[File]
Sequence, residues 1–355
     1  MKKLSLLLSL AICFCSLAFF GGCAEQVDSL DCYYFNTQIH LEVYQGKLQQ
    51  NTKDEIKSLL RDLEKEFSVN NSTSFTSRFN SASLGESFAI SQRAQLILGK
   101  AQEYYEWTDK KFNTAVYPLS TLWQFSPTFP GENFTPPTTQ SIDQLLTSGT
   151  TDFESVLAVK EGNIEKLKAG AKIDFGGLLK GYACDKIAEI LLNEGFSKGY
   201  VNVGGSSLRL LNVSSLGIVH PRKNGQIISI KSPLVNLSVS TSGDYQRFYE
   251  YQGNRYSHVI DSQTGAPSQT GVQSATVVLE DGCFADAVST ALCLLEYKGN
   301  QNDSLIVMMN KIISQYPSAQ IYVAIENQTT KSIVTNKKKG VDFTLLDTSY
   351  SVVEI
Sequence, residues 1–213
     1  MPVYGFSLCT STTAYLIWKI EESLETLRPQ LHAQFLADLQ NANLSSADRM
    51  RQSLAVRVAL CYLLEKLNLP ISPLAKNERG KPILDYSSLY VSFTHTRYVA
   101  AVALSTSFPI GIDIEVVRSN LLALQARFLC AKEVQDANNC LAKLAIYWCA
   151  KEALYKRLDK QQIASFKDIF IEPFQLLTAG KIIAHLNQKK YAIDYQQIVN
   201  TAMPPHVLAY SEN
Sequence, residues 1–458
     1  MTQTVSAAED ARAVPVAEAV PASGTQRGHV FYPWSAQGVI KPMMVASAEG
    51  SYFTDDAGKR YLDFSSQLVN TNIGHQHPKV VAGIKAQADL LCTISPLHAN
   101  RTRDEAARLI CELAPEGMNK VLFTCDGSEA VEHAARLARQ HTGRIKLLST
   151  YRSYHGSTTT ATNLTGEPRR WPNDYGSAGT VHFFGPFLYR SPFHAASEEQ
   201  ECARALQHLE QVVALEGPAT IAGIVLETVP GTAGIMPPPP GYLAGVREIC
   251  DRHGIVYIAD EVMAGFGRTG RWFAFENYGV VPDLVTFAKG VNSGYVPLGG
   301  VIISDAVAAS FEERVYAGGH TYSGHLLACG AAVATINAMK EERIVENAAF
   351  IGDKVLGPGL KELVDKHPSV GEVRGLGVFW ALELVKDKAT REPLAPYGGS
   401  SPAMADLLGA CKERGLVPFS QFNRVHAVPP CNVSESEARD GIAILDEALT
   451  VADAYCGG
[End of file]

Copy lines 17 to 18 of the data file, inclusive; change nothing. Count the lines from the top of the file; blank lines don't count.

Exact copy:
     1  MTQTVSAAED ARAVPVAEAV PASGTQRGHV FYPWSAQGVI KPMMVASAEG
    51  SYFTDDAGKR YLDFSSQLVN TNIGHQHPKV VAGIKAQADL LCTISPLHAN